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Annual Reports:

First Annual Report of the Chief, Children's Bureau, to the Secretary of Labor,

for the fiscal year ended June 30, 1913. 20 pp. 1914.
Second Annual Report of the Chief, Children's Bureau, to the Secretary of Labor,

for the fiscal year ended June 30, 1914. 19 pp. 1914.
Third Annual Report of the Chief, Children's Bureau, to the Secretary of Labor,

for the fiscal year ended June 30, 1915. 26 pp. 1915. Care of Children Series:

No. 1. Prenatal Care, by Mrs. Max West. 41 pp. 3d ed. 1913. Bureau pub

lication No. 4.

No. 2. Infant Care, by Mrs. Max West. 87 pp. 1914. Bureau publication No. 8. Dependent, Defective, and Delinquent Classes Series:

No. 1. Laws Relating to Mothers' Pensions in the United States, Denmark, and

New Zealand. 102 pp. 1914. Bureau publication No. 7.
No. 2. Mental Defectives in the District of Columbia: A brief description of local

conditions and the need for custodial care and training. 39 pp. 1915. Bureau

publication No. 13. Infant Mortality Series:

No. 1. Baby-saving Cainpaigns: A preliminary report on what American cities

are doing to prevent irfant mortality. 93 pp. 4th ed. 1914. Bureau pub

lication No. 3. No. 2. New Zealana Society for the Health of Women and Children: An example

of the methods of baby-saving work in small towns and rural districts. 19 pp.

1914. Bureau publication No. 6. No. 3. Infant Mortality: Results of a field study in Johnstown, Pa., based on

births in one calendar year, by Emma Duke. 93 pp. and 9 pp. illus. 1915.

Bureau publication No. 9.
No. 4. Infant Mortality in Montclair, N. J.: A study of infant mortality in a

suburban community. 36 pp. 1915. Bureau publication No. 11.
No. 5. A Tabular Statement of Infant-Welfare Work by Public and Private

Agencies in the United States. 114 pp. 1916. Bureau publication No. 16.
Industrial Series:

No. 1. Child Labor Legislation in the United States, by Helen L. Sumner and
Ella A. Merritt. 2 charts. 1131 pp. 1915. Bureau publication No. 10.

Analytical tables of laws of all States and text of laws of each State.
No. 2. Administration of Child Labor Laws:

Part 1. Employment Certificate System, in Connecticut. 69 pp. 2 charts.

1915. Bureau publication No. 12. Miscellaneous Series:

No. 1. The Children's Bureau: A circular containing the text of the law estab

lishing the bureau and a brief outline of the plans for immediate work. 5 pp.

1912. Bureau publication No. 1:
No. 2. Birth Registration: An aid in preserving the lives and rights of children.

20 pp. 3d ed. 1914. Bureau publication No. 2.
No. 3. Handbook of Federal Statistics of Children: Number of children in the

United States, with their sex, age, race, nativity, parentage, and geographic

distribution. 106 pp. 2d ed. 1914. Bureau publication No. 5.
No. 4. Child Welfare Exhibits: Types and preparation, by Anna Louise Strong,

Ph. D. 58 pp., 16 illus. 1915. Bureau publication No. 14.
No. 5. Baby Week Campaigns. Suggestions for communities of various sizes.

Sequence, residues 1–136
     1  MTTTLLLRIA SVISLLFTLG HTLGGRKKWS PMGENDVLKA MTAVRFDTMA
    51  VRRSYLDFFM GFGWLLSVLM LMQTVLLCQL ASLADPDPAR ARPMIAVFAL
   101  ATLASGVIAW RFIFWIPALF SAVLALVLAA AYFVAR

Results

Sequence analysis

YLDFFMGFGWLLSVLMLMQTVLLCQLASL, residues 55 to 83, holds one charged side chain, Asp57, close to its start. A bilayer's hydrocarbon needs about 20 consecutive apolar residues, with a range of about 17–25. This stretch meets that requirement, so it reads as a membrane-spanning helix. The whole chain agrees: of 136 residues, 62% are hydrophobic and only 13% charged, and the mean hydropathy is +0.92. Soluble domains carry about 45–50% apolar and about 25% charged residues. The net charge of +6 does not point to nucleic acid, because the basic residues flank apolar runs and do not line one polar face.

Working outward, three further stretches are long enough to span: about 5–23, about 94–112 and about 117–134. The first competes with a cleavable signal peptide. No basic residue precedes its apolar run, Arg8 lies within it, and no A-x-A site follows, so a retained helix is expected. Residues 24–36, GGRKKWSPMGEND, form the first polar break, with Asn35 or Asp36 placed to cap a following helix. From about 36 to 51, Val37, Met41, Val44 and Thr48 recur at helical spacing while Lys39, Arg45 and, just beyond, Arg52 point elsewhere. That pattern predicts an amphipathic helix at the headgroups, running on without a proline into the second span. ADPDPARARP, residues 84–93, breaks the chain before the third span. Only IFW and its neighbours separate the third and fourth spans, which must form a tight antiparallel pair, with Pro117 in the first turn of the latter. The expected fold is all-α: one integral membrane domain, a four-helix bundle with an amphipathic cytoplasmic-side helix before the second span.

64 pp. 1915. Bureau publication No. 15.


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Washington, D. C., April 6, 1916. SIR: I transmit herewith a tabular statement of infant-welfare work by public and private agencies in the United States. In preparing a discussion of this subject it was found necessary to divide the material into two reports. The first consists of the tabular statement presented herewith and the second will give a detailed description of the most significant instances of public and private infant-welfare work. The tabular statement is published in advance because of its general interest as a comparative presentation of State, municipal, and volunteer agencies throughout the United States. It is to be noted that the activities listed in this tabulation are concerned chiefly with safeguarding the health of well children; not with the treatment of sick children.

The tabulation indicates the nation-wide extent of the movement to protect infant life. Nothing short of a revolution is taking place in the attitude of physicians and social students. They increasingly urge constructive measures for preserving health and for stimulating and improving home care. Emphasis is placed upon the absolute necessity of providing sound instruction in the hygiene of infancy and childhood and of making it convenient for parents to secure information as to the healthful regimen for the individual child. Systems are in course of development for providing such examinations and tests of well children as will enable parents to forestall disease. As will be seen, public authorities and private agencies are working out practical methods in various phases of the whole problem.

The work of collecting and tabulating the information has been
done by Mrs. Etta R. Goodwin, assisted by Miss Dorothy Hender-
son, under the general direction of Dr. Grace L. Meigs, head of the
division of hygiene.
Very respectfully,

Julia C. LATHROP, Chief.

Secretary of Labor.

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